March of Return nothing more than terrorists’ plaything


On March 30, coinciding with the start of Passover, the former and current Hamas prime ministers in Gaza, Ismael Haniya and Yahya Sinwar, organized what they called the “March of Return.” Although this had been dubbed by many news outlets throughout the world as a peaceful demonstration, these two Hamas leaders told their followers to “infiltrate the border,” that doing so will “mark the beginning of the liberation of all of Palestine from the Jordan River to the Mediterranean Sea,” i.e., all of Israel.

This was not intended, as many media outlets had described it, “to eliminate the economic suffering in the Gaza Strip,” but rather to eliminate the sheer existence of the Jewish state.

At least 30,000 protestors, many known terrorists of Hamas, Islamic Jihad and the Al Qassam Brigades, came to the border with Israel with explicit instructions to penetrate the fence and thereby create a security and demographic nightmare for the Jewish state. The objective was to remain there until May 15, the English anniversary of Israel’s Independence Day, which the Palestinians and many in the Arab World dub “al nakba,” “the Day of the Catastrophe.” May 15 is also, not coincidentally, the day that President Trump and his team have designated for the opening of the U.S. Embassy in Jerusalem.

This “march” was not a peaceful demonstration reminiscent of the sit-ins of Selma, Ala. The protestors sought to storm the border with lethal intent, hurling firebombs, rocks and burning tires at Israeli soldiers. In at least two cases, they fired bullets directly at troops on the other side. And unfortunately, it resulted in the fatalities of 17 Palestinians, who have consistently been manipulated by their leaders to despise the state of Israel.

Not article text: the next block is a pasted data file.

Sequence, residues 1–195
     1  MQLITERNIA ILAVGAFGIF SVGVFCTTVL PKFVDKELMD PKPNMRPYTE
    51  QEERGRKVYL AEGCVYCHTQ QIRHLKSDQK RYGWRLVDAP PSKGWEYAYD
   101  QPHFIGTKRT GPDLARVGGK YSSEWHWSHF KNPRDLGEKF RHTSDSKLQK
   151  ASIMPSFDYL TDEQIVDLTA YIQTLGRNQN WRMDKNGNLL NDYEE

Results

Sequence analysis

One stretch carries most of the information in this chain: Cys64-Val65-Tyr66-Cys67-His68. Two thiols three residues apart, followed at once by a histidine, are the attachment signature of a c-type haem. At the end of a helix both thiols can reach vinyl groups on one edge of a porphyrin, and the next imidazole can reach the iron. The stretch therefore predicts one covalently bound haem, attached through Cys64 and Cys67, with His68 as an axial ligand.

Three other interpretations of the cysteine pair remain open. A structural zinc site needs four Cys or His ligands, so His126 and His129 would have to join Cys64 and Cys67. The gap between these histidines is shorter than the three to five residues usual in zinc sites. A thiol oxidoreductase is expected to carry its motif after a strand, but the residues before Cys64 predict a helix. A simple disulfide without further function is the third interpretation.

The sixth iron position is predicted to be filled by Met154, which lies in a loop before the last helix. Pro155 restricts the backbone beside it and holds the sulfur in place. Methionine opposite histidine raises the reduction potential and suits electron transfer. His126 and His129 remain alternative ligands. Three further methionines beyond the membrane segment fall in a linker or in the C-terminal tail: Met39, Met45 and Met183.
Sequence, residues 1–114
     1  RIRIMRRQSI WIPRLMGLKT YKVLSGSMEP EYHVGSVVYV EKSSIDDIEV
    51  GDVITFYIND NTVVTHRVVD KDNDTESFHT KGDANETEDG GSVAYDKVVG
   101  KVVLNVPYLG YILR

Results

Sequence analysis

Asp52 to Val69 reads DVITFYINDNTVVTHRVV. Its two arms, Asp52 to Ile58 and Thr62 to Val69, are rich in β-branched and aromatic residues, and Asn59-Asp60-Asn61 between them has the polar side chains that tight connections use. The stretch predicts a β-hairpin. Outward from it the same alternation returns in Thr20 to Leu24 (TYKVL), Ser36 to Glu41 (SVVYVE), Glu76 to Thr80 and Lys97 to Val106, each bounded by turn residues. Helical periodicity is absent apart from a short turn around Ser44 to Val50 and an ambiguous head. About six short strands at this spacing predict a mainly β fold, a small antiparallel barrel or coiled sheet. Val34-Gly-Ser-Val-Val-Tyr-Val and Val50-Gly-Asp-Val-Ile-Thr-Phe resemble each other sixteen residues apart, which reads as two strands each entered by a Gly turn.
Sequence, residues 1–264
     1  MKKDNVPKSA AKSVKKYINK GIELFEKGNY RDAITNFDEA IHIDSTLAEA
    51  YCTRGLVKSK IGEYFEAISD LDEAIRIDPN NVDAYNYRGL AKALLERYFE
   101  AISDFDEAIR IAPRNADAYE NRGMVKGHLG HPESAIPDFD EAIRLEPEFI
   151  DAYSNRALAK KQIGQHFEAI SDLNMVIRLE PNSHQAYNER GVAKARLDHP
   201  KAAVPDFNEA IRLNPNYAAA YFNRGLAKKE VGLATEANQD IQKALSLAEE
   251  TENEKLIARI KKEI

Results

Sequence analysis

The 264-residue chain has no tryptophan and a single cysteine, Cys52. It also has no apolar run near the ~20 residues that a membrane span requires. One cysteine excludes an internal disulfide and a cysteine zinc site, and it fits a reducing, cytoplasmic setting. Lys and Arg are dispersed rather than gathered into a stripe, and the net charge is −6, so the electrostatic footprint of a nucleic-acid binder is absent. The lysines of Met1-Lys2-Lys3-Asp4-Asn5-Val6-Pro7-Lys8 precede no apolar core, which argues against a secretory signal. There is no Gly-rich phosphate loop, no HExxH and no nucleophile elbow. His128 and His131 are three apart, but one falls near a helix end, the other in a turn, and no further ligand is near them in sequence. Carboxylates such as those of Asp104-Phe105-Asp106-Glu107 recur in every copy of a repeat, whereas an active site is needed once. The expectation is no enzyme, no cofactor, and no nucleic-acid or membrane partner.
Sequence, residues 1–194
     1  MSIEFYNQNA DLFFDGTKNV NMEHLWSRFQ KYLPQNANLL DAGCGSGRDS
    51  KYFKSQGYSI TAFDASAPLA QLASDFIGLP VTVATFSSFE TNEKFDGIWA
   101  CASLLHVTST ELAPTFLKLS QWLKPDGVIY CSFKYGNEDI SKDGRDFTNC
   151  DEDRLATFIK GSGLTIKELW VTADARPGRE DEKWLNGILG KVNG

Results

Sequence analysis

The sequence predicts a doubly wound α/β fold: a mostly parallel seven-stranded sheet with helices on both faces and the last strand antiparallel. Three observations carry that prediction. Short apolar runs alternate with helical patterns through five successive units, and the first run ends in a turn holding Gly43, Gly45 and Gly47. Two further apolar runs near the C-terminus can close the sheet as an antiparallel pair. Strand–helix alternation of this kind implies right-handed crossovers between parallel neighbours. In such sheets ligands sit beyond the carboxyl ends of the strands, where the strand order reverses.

Considering the inflammatory potential of the situation, the IDF has got to be commended for training their young men and women to act with such amazing discipline and restraint.

It is also important to remember that Gaza is not under Israeli occupation. In 2005, in a heart-wrenching, politically divisive move, the Israeli government decided to uproot any remnant of a Jewish presence in Gaza and withdrew to the pre-1967 lines, giving the Palestinian people there total independence. Jewish philanthropists actually bought the greenhouses to give to this “nascent Palestinian state.” Some rabbis wanted to leave the synagogues in Gaza, arguing, “After all, we all pray to the same God.”

Many of my friends who were for the Gaza withdrawal explained to me, “This will finally prove to the world just how far Israel is willing to go for peace.” Do you think the world remembers any of this today?

As soon as the blue and white flag was lowered, and the IDF closed the gate, those greenhouses and synagogues, as well as any other vestige of Jewish life, were all destroyed in a heightened display of hate-infested anarchy and mayhem.

And then in 2007, after a bitter internecine war between Fatah and Hamas, Hamas, an organization that was created specifically to achieve the imminent destruction of the State of Israel, took over Gaza.

The result of the magnanimous gesture of the Gaza withdrawal was that more than 10,000 missiles raining down on Israel, provoking Israel to fight three wars: Cast Lead in 2008, Pillar of Defense in 2012, and Operation Protective Edge in 2014. With each successive war the range of the rockets was extended. By now, the Palestinians in Gaza have missiles that can reach all of Israel’s main population centers.

And just in case the missiles do not do the trick, those living in Gaza have been assiduously digging underground tunnels.

Yet there are many powerful voices in Washington who have not learned the lessons of the Gaza withdrawal. They want a precipitous withdrawal from Judea and Samaria, and try to delude themselves into thinking that that will solve the problem.

They are looking at today’s impasse with the Palestinians and want to seize upon a solution, any solution, not realizing the lessons of the Gaza withdrawal.

These people choose to willfully blind themselves to what Palestinian leaders say to their own people in Arabic, and prefer not to entertain the notion that in today’s volatile Middle East, power changes hands very quickly.

The recent actions of Hamas, which could step in for the Palestinian Authority at any moment, should provide a wakeup call to everyone.

Sarah N. Stern is the founder and president of the Endowment for Middle East Truth.

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